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      Platelet TLR4 activates neutrophil extracellular traps to ensnare bacteria in septic blood.

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          Abstract

          It has been known for many years that neutrophils and platelets participate in the pathogenesis of severe sepsis, but the inter-relationship between these players is completely unknown. We report several cellular events that led to enhanced trapping of bacteria in blood vessels: platelet TLR4 detected TLR4 ligands in blood and induced platelet binding to adherent neutrophils. This led to robust neutrophil activation and formation of neutrophil extracellular traps (NETs). Plasma from severely septic humans also induced TLR4-dependent platelet-neutrophil interactions, leading to the production of NETs. The NETs retained their integrity under flow conditions and ensnared bacteria within the vasculature. The entire event occurred primarily in the liver sinusoids and pulmonary capillaries, where NETs have the greatest capacity for bacterial trapping. We propose that platelet TLR4 is a threshold switch for this new bacterial trapping mechanism in severe sepsis.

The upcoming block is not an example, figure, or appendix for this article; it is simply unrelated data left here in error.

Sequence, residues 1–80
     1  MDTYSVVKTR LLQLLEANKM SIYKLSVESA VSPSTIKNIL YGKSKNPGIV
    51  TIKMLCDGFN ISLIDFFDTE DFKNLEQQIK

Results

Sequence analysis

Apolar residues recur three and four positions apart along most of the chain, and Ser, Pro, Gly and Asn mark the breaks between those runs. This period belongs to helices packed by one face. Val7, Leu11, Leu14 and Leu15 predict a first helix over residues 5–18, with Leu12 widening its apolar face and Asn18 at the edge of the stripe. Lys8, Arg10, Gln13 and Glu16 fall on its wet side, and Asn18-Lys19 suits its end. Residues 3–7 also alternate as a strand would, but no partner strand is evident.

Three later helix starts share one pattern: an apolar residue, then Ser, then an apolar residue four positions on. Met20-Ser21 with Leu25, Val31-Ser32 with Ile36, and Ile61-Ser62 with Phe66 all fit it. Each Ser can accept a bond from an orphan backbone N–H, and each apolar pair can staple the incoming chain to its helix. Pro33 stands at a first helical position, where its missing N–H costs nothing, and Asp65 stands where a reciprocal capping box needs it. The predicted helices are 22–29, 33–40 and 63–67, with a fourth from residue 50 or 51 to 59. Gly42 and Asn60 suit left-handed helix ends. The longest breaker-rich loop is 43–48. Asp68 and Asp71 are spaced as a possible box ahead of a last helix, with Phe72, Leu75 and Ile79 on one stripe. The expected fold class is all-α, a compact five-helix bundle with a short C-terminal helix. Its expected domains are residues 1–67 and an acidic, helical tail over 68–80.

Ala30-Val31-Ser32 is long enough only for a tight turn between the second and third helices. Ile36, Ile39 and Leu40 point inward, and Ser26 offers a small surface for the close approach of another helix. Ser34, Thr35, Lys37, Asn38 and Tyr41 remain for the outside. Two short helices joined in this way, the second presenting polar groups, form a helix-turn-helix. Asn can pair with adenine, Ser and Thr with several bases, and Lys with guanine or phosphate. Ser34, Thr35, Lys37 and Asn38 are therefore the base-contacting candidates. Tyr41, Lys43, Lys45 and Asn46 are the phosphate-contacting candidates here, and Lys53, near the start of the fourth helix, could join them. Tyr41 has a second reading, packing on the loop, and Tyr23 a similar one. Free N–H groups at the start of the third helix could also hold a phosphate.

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          Author and article information

          Journal
          Nat Med
          Nature medicine
          Springer Science and Business Media LLC
          1078-8956
          1078-8956
          Apr 2007
          : 13
          : 4
          Affiliations
          [1 ] Department of Physiology and Biophysics, University of Calgary, 3330 Hospital Drive NW, Calgary, Alberta T2N 4N1, Canada.
          Article
          nm1565
          10.1038/nm1565
          17384648
          df74b4e3-83bc-4ac5-9118-7cb4b35f1450

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